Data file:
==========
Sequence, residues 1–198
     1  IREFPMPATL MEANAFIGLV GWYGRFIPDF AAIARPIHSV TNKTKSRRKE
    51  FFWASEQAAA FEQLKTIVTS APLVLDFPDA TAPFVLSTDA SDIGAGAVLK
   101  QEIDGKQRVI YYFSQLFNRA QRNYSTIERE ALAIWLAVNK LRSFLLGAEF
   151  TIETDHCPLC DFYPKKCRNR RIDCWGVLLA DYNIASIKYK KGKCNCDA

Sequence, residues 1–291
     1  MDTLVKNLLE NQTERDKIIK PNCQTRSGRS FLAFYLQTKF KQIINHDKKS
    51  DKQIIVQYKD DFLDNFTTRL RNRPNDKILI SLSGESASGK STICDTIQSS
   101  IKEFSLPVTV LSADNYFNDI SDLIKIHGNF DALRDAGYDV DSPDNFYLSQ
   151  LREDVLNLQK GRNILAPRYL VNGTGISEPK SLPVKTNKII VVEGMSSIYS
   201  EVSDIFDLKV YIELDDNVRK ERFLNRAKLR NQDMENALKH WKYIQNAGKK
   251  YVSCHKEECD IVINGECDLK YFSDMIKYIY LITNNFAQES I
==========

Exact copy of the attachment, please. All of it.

Sequence, residues 1–198
     1  IREFPMPATL MEANAFIGLV GWYGRFIPDF AAIARPIHSV TNKTKSRRKE
    51  FFWASEQAAA FEQLKTIVTS APLVLDFPDA TAPFVLSTDA SDIGAGAVLK
   101  QEIDGKQRVI YYFSQLFNRA QRNYSTIERE ALAIWLAVNK LRSFLLGAEF
   151  TIETDHCPLC DFYPKKCRNR RIDCWGVLLA DYNIASIKYK KGKCNCDA

Sequence, residues 1–291
     1  MDTLVKNLLE NQTERDKIIK PNCQTRSGRS FLAFYLQTKF KQIINHDKKS
    51  DKQIIVQYKD DFLDNFTTRL RNRPNDKILI SLSGESASGK STICDTIQSS
   101  IKEFSLPVTV LSADNYFNDI SDLIKIHGNF DALRDAGYDV DSPDNFYLSQ
   151  LREDVLNLQK GRNILAPRYL VNGTGISEPK SLPVKTNKII VVEGMSSIYS
   201  EVSDIFDLKV YIELDDNVRK ERFLNRAKLR NQDMENALKH WKYIQNAGKK
   251  YVSCHKEECD IVINGECDLK YFSDMIKYIY LITNNFAQES I